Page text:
To support adoption and implementation of the IES requirements into national accountancy programming, the CNCC, in collaboration with the CSOEC, reports a number of advocacy activities with the regulators. For example, the institutes provided input into the accounting syllabus delivered by universities and influenced work experience requirements. Furthermore, as a fellow founder of the “EU Common Content Project,” which aims to harmonize the accountancy education programs participating in the project, the CNCC worked on the content of the education programs attached to each professional accounting degree.
The CNCC is encouraged to clarify the version of IES requirements that are currently implemented for statutory auditors and if it is an older version (pre-2015), the CNCC is encouraged to report on initiatives it might be undertaking to incorporate the revised IES requirements, which emphasize a learning-outcomes approach. In addition, the CNCC is encouraged to clarify if participates in providing comments to exposure drafts issued by the IAESB.
- SMO 3: International Standards on Auditing
Applicable auditing standards in France are prepared and drafted by a joint commission of the CNCC and the High Council for Statutory Audits (H3C), the audit oversight authority. After receiving an opinion on the standards from the CNCC, the H3C will subsequently adopt the standards as professional practice. The Ministry of Justice is the ultimate responsible for endorsing the standards at the end of the process. The standards are based on the ISA. The CNCC indicates that France is awaiting a clear signal from the European Commission on the ISA adoption in order to incorporate all requirements.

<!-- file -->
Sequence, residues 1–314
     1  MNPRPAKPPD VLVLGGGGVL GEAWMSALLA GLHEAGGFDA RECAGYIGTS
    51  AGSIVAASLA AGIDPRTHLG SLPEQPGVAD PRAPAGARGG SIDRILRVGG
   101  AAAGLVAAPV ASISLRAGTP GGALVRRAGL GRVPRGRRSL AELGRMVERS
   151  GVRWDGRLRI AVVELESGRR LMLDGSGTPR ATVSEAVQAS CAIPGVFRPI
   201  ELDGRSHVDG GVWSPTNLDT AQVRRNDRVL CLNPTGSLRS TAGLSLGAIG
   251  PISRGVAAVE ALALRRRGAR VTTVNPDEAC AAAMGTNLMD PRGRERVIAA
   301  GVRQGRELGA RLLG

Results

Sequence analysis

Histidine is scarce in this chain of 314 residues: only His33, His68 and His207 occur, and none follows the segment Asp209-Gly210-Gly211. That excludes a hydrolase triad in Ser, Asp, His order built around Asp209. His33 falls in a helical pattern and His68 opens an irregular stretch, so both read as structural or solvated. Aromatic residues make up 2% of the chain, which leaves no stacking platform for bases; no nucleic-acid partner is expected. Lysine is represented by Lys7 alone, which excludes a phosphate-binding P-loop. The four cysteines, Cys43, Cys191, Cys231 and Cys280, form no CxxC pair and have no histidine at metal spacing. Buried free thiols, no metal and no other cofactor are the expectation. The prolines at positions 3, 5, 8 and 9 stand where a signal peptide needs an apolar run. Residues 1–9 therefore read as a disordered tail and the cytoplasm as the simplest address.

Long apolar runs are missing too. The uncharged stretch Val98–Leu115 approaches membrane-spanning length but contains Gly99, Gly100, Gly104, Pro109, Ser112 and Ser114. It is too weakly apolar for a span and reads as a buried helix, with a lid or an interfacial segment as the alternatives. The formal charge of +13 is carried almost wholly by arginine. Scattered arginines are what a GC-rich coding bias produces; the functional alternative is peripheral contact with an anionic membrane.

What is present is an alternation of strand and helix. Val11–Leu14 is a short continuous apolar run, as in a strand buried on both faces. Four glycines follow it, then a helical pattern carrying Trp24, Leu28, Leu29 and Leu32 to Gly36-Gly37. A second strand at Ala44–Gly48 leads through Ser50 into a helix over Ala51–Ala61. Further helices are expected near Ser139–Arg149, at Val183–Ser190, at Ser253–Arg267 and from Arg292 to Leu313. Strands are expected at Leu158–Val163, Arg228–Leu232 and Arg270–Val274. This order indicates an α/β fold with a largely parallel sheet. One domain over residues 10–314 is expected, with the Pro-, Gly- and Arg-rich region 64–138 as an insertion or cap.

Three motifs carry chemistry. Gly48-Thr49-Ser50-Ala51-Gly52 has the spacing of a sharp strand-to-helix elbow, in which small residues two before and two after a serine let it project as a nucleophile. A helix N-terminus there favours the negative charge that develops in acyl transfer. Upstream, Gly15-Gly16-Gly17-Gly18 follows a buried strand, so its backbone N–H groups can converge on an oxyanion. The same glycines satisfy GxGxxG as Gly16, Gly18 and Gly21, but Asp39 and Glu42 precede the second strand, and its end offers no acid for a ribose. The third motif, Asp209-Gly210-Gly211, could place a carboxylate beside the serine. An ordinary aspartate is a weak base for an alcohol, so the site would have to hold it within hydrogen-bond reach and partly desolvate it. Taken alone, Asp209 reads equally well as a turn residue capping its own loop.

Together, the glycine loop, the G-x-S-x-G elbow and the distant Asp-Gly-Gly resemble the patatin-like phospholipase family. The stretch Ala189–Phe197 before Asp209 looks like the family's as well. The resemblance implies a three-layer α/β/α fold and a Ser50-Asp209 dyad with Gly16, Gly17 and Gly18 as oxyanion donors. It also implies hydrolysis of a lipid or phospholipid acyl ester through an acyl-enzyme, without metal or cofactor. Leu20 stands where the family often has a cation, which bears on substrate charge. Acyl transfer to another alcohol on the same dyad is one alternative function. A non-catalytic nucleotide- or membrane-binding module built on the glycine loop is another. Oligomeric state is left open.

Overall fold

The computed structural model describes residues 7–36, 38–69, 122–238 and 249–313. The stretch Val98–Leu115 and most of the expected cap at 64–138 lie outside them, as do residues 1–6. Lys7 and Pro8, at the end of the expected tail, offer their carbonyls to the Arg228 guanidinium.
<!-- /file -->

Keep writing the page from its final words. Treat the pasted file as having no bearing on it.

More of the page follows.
The CNCC has confirmed its support for the adoption of ISA at the EU level in the context of the Audit Reform and the Audit Green Paper. The CNCC indicates that it: (i) monitors new and amended standards issued by the IAASB, (ii) completes timely translations of the ISA, in collaboration of the Belgian Institut des Réviseurs d’Entreprises; and (iii) disseminates information on updates to the standards and international developments in the area through printed materials and its website.
At the international level, the CNCC contributes to the work of the ISA subgroup of the Committee of European Auditing Oversight Bodies and participates in the international standard-setting process by providing comments on exposure drafts and other IAASB pronouncements
The CNCC is encouraged to clarify the extent on alignment of the standards of professional practice with ISA in the jurisdiction.
- SMO 4: Code of Ethics for Professional Accountants
The Ministry of Justice (MoJ) adopts ethical requirements for statutory auditors and while its Code of Ethics is not based on the IESBA Code of Ethics, the CNCC indicates that its requirements are considered more stringent than the IESBA Code. The CNCC indicates that the MoJ is presently working on the publication of a revised Code of Ethics for statutory auditors. Upon completion of the revised Code of Ethics, the CNCC is planning to undertake a benchmarking exercise between the revised Code of Ethics and the IESBA Code to identify any areas of departure.